Implications of Drug Use for Employers
Nationally, about 8.6% of working adults have a substance use disorder, including 7.9% with an alcohol use disorder and 1.7% with a marijuana use disorder. Higher rates of substance use disorders are found in industries with younger, male-dominated workforces, like construction. Other industries with easy access to alcohol, like entertainment and food service, also have higher rates. However, substance use disorders can be found in workers from all industries.
Alcohol misuse can lower productivity and earnings through conflicts with supervisors or coworkers, frequent layoffs and unemployment. A national survey found that 21% of women and 15% of men with alcohol abuse or dependence had experienced conflict with a boss or coworker in the past year. Additionally, 11% of men and women with alcohol abuse or dependence reported being laid off in the past year. Weekly binge drinking increased the chance of being laid off by 2.7 percentage points for women and 1.3 percentage points for men.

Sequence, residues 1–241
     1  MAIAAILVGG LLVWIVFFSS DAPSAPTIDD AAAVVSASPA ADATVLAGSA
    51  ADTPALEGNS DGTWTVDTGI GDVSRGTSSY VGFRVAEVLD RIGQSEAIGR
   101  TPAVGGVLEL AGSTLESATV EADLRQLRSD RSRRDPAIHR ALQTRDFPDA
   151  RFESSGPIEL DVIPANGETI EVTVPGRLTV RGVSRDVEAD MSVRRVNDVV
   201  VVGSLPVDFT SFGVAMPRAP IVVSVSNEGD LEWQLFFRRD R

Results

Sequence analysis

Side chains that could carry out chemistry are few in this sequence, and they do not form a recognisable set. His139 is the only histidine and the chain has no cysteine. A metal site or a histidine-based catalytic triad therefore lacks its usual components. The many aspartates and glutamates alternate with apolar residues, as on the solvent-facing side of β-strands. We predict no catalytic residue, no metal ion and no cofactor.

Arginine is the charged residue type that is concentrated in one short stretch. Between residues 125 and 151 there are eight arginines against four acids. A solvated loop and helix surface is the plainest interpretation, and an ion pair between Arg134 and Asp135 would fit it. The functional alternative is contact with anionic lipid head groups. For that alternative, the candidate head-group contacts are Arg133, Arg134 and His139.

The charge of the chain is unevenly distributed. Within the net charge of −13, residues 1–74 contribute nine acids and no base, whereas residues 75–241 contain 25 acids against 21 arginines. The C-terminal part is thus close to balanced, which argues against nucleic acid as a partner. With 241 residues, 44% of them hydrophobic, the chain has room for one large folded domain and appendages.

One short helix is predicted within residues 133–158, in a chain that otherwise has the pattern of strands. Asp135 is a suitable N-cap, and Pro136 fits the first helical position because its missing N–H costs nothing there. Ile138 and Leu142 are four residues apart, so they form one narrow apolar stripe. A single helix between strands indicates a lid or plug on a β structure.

Employees with family members dealing with prescription pain medication addiction may face issues including financial problems, legal consequences, time spent caregiving or lost productivity at work because they are distracted by problems at home (known as "presenteeism"). Similarly, alcohol use disorder can affect family functioning and lead to physical and behavioral problems among caregivers. Studies have found the spouses of alcoholics are at increased risk of stressful life events, and medical and psychiatric disorders, and use more medical care services.
Employers may face higher healthcare costs if the family member is a dependent who receives coverage through the employer's health insurance plan. These data suggest it can be important for employers to consider the healthcare needs of family members as well as employees.